Supporters of other Turkish soccer teams rally in support of Carsi soccer fans Tuesday morning outside the Istanbul Palace of Justice.

Supporters of other Turkish soccer teams rally in support of Carsi soccer fans Tuesday morning outside the Istanbul Palace of Justice.


Ricardo Ginés

At an Istanbul courthouse, 35 soccer fans stood trial Tuesday on charges that could lead to life in prison. Specifically, they're accused of trying to overthrow the government. Allegedly.

Officials allege the flamboyant soccer fan club Carsi tried to lead an Arab Spring-type rebellion during last year's countrywide Gezi Park uprising. Supporters showed their scorn by literally ripping up the 38-page charging document on the courthouse steps.

Carsi fans cheer on the Istanbul soccer team Besiktas — and they should be flying high. The team is defending its top spot in the Turkish league and facing some European powerhouses in regional championships.

But things aren’t so rosy for longtime fans like Cem Yakiskan who helped form Carsi back in 1982. He insists Carsi is a loose association of Besiktas fans without real leaders. He says members may act spontaneously against an oppressive government — but they don't hatch plots.

“It’s not as if there’s anyone with a remote control in hand that can push GO or STOP,” he says. “It’s a movement driven by people’s own conscience.”

But that’s not how the indictment reads. In fact, Yakiskan is accused of using his pizzeria last year as a cover for a more sinister purpose.

The prosecutor suggests Yakiskan and Carsi supporters planned to invade the prime minister’s offices, sow chaos and bring down the government.

Cem Yakiskan walking in the stands of Besiktas' recently demolished stadium. He helped form the fan group Carsi back in 1982. 


Anna Tuson

Evidence of the nefarious plot? Among other things, the government has transcripts of tapped phone calls where Yakiskan offers his brother-in-law a deep discount on pizzas to feed Gezi Park protesters.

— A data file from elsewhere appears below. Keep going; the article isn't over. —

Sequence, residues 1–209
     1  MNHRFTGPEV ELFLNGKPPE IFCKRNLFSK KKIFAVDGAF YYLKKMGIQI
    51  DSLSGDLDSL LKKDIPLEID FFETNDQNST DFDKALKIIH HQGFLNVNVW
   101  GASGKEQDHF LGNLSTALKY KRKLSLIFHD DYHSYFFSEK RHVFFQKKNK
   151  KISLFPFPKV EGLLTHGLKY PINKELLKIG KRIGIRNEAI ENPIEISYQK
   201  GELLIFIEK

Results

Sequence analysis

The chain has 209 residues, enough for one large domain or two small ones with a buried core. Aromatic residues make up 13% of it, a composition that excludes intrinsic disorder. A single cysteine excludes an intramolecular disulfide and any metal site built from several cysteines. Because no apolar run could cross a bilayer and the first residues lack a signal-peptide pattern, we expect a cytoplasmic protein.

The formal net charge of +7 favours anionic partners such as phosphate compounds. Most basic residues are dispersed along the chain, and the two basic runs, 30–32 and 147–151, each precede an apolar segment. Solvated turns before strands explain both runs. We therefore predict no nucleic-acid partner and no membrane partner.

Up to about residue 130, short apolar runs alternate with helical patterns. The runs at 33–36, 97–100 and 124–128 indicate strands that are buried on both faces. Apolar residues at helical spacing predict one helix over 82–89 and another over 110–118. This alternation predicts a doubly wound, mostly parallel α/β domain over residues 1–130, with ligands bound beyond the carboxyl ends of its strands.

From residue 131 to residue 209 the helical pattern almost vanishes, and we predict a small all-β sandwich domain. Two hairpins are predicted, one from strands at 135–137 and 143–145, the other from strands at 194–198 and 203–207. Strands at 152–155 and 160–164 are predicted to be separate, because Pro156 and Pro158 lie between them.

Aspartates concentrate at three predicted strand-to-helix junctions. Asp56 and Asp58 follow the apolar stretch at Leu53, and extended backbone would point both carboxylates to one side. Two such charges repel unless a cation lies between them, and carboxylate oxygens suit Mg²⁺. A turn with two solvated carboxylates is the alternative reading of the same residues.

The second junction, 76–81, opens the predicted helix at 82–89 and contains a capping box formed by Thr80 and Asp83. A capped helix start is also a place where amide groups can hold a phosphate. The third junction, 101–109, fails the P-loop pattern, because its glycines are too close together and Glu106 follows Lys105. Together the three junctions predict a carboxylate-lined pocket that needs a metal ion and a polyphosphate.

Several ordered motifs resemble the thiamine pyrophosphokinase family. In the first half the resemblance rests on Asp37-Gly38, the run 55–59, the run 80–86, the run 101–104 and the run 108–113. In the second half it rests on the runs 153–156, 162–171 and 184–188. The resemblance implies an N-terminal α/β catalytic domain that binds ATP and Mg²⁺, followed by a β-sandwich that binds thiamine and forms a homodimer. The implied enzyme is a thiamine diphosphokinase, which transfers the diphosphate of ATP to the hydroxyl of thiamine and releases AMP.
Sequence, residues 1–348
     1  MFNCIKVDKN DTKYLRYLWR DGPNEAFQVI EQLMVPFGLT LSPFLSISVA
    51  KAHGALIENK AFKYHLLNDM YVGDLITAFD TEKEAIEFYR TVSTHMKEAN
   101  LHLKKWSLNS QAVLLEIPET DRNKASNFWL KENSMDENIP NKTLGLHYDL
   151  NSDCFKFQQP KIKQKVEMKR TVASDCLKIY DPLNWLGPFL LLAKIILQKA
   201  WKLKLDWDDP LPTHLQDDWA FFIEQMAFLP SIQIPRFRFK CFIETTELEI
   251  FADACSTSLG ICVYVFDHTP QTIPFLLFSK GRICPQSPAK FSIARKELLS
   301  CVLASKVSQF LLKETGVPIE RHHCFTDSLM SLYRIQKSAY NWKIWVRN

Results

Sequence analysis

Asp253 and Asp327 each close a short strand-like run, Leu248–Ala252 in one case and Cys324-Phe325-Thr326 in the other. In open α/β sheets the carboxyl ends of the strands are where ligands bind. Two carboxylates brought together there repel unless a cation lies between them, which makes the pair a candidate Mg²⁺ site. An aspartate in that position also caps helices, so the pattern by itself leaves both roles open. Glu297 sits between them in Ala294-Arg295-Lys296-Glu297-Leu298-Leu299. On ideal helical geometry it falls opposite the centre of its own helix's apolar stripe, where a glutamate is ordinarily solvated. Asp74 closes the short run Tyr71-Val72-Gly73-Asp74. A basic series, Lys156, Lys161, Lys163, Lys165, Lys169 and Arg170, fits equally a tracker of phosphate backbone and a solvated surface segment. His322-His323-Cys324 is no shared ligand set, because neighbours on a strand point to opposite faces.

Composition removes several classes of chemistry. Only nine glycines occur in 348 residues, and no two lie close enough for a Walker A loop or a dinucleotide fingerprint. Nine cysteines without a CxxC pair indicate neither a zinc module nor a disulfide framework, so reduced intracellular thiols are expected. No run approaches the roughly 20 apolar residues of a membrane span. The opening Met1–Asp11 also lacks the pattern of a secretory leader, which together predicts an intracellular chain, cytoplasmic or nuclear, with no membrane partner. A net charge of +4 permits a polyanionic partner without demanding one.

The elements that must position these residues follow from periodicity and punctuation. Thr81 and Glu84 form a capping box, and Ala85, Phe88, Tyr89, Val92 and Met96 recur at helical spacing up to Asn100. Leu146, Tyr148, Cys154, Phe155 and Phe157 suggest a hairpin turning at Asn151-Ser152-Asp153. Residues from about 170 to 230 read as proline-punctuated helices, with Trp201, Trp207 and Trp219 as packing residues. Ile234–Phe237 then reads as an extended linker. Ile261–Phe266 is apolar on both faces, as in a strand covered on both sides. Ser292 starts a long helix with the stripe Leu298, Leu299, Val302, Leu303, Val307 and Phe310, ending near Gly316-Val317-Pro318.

Defense attorney Inan Kaya says it would be almost funny — except prosecutors are seeking life sentences against Yakiskan and his "co-conspirators."

“It’s absurd but it’s real. They are being judged now. And [prosecutors] want 49 years. It’s not a joke,” Kaya says.

Besiktas’ most recent league match was thinly attended. The team’s stadium is being rebuilt and games are held in various smaller venues in the boondocks. But that’s not the only reason fewer people are showing up.

Many fans are boycotting a new e-ticket system that requires fans provide biometric details. That allows the government to track who attends matches and — the government says — to crack down on stadium violence.

But many worry the government wants to crack down on soccer fans who join in anti-government protests.

Altay Ulug, 27, stands in a small group of friends and family. They are going along with the new tracking system, but reluctantly.

“You have your ID number and your name on it and your picture on it. Supporters didn’t want this because it’s like you’re being tagged in the stadiums,” he said. “Also, it’s something silly because most of the stadiums are empty now.”

Ulug says Carsi was admired for being on the frontlines during the Gezi Park protests. In fact, Carsi members are often part of anti-government demonstrations. But he says charges of a coup are exaggerated.

“They are just supporters and they are not trying to destroy the government,” he said. “It’s because of the Gezi protests and they just try to defend the people. And from there they were accused of being — trying to destroy the government.”

But it’s not just fellow Besiktas fans who think the charges are a stretch.

Human Rights Watch called the case “a ludicrous travesty.” They cite the wiretaps that show no apparent relevance to a plot. The government claims possessing gas masks constituted a crime — but it was obvious the masks were necessary to counter the widespread use of tear gas by riot police.

After a recent match — in which Besiktas trounced Kasimpasa 2-0 —  Serdur Aydin, 35, left the stadium with his toddler son. He says the government is just trying to make an example of last year’s protesters. He predicts the charges won’t stick.

“They were right, they were totally right,” Aydin says of the protesters. “I think that nothing will happen.”

Whether one fan’s optimism is well-founded or overly idealistic is difficult to say. The Turkish government is becoming increasingly aggressive in its efforts to silence its critics — arresting opposition journalists, academics and casting a wide net to contain the enemies of what Turkey’s president boldly refers to as the “New Turkey.”

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